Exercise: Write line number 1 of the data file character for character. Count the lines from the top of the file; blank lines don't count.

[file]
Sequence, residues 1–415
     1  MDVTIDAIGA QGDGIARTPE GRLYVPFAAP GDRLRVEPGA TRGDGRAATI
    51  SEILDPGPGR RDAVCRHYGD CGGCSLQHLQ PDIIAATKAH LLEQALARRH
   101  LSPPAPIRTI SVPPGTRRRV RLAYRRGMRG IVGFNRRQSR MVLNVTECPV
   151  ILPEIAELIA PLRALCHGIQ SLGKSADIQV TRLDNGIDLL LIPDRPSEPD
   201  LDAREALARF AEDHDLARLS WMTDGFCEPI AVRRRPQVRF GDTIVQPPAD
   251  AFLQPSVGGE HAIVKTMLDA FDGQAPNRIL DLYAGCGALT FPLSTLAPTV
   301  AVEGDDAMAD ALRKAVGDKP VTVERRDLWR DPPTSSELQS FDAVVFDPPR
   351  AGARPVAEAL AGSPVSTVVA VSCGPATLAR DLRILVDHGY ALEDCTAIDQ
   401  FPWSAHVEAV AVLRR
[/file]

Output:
Sequence, residues 1–415